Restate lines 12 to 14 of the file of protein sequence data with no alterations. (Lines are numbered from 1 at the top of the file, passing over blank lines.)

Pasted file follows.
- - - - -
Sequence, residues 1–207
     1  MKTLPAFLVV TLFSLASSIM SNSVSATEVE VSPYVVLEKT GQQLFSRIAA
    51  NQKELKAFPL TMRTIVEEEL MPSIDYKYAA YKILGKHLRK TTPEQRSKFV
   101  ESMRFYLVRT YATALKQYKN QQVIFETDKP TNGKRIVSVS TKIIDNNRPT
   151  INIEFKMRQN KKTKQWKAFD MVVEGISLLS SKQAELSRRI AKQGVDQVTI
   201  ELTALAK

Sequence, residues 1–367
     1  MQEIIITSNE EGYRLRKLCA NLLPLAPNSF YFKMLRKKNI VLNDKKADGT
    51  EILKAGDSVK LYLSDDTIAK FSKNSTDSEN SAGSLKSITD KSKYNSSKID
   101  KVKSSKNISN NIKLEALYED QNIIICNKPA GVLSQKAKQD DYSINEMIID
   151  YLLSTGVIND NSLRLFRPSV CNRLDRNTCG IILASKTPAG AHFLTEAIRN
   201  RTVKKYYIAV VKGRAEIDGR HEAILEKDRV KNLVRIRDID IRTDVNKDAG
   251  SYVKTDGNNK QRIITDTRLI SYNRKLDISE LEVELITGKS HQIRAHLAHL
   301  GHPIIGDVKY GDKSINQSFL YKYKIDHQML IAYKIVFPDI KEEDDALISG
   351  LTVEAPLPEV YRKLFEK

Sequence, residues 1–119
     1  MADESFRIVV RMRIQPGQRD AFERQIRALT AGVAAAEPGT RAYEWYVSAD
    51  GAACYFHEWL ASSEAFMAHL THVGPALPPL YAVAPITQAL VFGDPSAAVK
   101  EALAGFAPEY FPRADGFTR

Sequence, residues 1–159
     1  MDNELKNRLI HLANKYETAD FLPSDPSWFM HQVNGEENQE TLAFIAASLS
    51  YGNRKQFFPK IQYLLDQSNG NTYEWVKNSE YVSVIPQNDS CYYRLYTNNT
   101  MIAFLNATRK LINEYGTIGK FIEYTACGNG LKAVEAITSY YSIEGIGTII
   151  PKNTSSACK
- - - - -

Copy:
   201  RTVKKYYIAV VKGRAEIDGR HEAILEKDRV KNLVRIRDID IRTDVNKDAG
   251  SYVKTDGNNK QRIITDTRLI SYNRKLDISE LEVELITGKS HQIRAHLAHL
   301  GHPIIGDVKY GDKSINQSFL YKYKIDHQML IAYKIVFPDI KEEDDALISG